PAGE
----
At least one of this year’s iPhones will feature a 3D depth camera on its back, a source with knowledge confirms to Fast Company.
The camera—actually a laser, sensor, and software system—emits light to measure the distance between the phone and various objects and surfaces in front of it. This detailed depth information will enable new photo and video effects, as well as better augmented reality experiences.
iPhone engineers have been working on the rear-facing, or “world facing,” 3D camera for at least two years now. It’s been on a short list of possible feature additions for new iPhones, but until this year hasn’t made the cut. In truth, Apple could decide to nix it this year, too. For now, though, it’s in the design, which we’ll hopefully get to see for the first time this fall (if the coronavirus doesn’t get in the way of Apple’s plans).
Apple will buy the laser needed for the new 3D from San Jose-based Lumentum, the same company that currently supplies the laser for the iPhone’s front-facing 3D camera.
Lumentum says it doesn’t discuss the use of its laser tech in yet-to-be announced devices.
Apple won’t be the first to add a rear-facing depth camera to it phones. Samsung’s Galaxy Note 10+ and Galaxy S20+ and Galaxy S20 Ultra, as well as other Android phones, already have them. But Apple may find some new and novel ways to leverage the technology for new user experiences. And it will likely be a bit more showy in the way it brands and markets those experiences, if history is a guide.
iPhones already feature depth cameras (TrueDepth) on their fronts. They’re used mainly for Face ID security and for some fun messaging effects such as Animoji.
The iPhone 11 Pro and iPhone 11 Pro Max, which came out last year, have three camera lenses on the back: a 12-megapixel wide angle, a 12-megapixel 2X telephoto lens, and a 12-megapixel ultra-wide-angle lens. While the three lenses provide options for the breadth of photo-taking scenarios, the 3D camera system would add depth information.
Lumentum CEO Andre Wong
When you use AR apps without depth information, it’s a bit glitchy.”
The upside of depth
The 3D mapping might be used in concert with other iPhone’s photo software features. Imagine a video where a skateboarder in the middle of a jump is disconnected from the background, rendered in full 3D and slow motion.
It’s likely that the depth camera will have the greatest effect on the quality of augmented reality apps. Apple released its ARKit framework for developing AR apps three years ago, but so far consumers haven’t exactly been clamoring for them.
“When you use AR apps without depth information, it’s a bit glitchy and not as powerful as it ultimately could be,” says Andre Wong, Lumentum’s VP of 3D Sensing. “Now that ARKit and (Google’s) ARCore have both been out for some time now, you’ll see new AR apps coming out that are more accurate in the way they place objects within a space.”
Apple is now developing an AR app for iOS 14 that will let users point their iPhone at items in Apple Stores and Starbucks, and see digital information display around the items on the phone screen, 9to5Mac’s Benjamin Mayo reports.
Wong believes that rear-facing 3D cameras could enable users to create digital content that lends itself well to social media sharing. For instance, people might like to share images of themselves interacting with holographic images of animals or celebrities in their own living rooms. This is similar to what the Holo app by the developer 8i, but with the depth data those experiences might be greatly improved.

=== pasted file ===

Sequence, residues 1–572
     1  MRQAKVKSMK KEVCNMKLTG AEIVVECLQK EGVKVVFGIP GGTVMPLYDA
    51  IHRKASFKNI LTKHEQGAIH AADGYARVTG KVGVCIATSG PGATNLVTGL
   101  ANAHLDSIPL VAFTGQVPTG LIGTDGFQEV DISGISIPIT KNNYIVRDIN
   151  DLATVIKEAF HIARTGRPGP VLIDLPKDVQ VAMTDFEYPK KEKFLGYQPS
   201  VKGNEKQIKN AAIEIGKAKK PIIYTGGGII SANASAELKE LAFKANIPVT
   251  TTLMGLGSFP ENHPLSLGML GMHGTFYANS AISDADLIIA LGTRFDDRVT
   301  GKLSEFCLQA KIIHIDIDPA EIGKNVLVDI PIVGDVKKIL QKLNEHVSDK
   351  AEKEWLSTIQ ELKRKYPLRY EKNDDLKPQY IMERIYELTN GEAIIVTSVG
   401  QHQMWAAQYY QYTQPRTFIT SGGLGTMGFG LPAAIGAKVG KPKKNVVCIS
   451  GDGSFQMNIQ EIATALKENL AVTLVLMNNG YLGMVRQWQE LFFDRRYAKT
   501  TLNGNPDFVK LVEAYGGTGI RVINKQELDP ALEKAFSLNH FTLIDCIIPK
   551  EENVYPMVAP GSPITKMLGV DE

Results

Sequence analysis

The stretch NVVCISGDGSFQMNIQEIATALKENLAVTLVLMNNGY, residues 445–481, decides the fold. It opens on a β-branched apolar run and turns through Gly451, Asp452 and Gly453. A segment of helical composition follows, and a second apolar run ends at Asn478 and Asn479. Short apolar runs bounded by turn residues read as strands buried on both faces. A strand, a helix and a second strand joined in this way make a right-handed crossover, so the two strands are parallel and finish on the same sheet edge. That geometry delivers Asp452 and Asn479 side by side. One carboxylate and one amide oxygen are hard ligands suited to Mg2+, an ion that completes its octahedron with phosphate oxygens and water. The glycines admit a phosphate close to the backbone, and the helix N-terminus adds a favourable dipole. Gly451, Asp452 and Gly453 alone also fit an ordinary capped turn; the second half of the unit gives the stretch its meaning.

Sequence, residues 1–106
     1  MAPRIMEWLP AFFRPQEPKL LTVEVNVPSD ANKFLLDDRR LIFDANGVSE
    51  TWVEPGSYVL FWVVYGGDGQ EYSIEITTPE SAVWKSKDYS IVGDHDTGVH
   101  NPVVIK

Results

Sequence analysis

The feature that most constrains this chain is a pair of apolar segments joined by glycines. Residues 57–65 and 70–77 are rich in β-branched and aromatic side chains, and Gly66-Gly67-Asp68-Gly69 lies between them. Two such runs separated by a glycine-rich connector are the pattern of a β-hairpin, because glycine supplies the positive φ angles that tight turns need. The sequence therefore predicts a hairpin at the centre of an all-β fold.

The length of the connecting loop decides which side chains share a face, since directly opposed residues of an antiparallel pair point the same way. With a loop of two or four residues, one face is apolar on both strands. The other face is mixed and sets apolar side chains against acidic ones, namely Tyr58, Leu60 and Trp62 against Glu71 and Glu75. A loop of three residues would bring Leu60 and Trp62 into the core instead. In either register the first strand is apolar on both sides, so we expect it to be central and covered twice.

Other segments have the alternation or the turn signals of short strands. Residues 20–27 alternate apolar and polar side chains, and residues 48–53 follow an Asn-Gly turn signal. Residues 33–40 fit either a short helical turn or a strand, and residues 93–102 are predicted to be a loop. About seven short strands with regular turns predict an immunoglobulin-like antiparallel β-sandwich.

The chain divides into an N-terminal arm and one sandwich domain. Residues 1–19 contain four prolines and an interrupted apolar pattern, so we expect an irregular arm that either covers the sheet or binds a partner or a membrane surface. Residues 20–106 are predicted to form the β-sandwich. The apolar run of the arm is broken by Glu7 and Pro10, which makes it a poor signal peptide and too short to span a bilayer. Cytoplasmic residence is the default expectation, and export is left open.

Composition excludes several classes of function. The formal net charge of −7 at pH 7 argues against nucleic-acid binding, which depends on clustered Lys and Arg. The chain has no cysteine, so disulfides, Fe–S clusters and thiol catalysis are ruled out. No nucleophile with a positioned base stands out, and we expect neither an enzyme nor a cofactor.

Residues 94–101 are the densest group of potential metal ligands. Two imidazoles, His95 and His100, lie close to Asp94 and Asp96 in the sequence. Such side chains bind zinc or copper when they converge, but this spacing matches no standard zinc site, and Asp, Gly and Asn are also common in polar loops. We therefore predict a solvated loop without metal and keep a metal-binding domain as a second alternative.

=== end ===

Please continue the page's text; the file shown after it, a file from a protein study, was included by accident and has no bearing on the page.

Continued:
For example, a holographic image of a person standing on top of a real-world table might show the edges of the hologram’s feet in relation to the tabletop in a clean and convincing way. That’s tough to create without the depth data, when relying only on the phone’s existing cameras and software.
How the tech works
The core technology behind depth camera systems is a rear-facing vertical-cavity surface-emitting laser (VCSEL) that sends out lightwaves at a consistent rate then measures the time each takes to bounce off objects in the environment and return to a sensor. Light that returns from objects near the phone has a shorter “time of flight,” while light returning from objects farther away has a greater time of flight. The light emitted by the iPhone’s front-facing depth camera travels only a few feet—which is fine for locating the person holding the phone—but the Lumentum laser used in the rear-facing system will have a much longer range.
In Samsung phones, the 3D camera is the technology behind two features. Live Focus allows users to blur out the background in still images and video to put added emphasis on the person (or pet) in the foreground. Quick Measure lets you estimate the width, height, area, and volume of an object within the camera frame. Apple may take a similar approach and highlight two or three marquee features—such as the AR functionality reported by 9to5Mac—that are enabled by the rear-facing 3D camera.
A measure of skepticism is in order for the impact rear 3D sensing may have in this year’s iPhone, which will also be the first 5G iPhone. The photo effects will probably get more attention than the improved AR, at least in the near term. AR developers will indeed create better experiences with the new depth data. But even with better technology at their command, they still have to create experiences consumers will love and use often. And the huge limiting factor there is the awkward experience of viewing AR through a smartphone screen held in front of your face.
But that situation might not last much longer. It’s one of Silicon Valley’s worst-kept secrets that Apple is working on an AR headset or pair of glasses that—in the long run—could become the company’s main spatial computing device.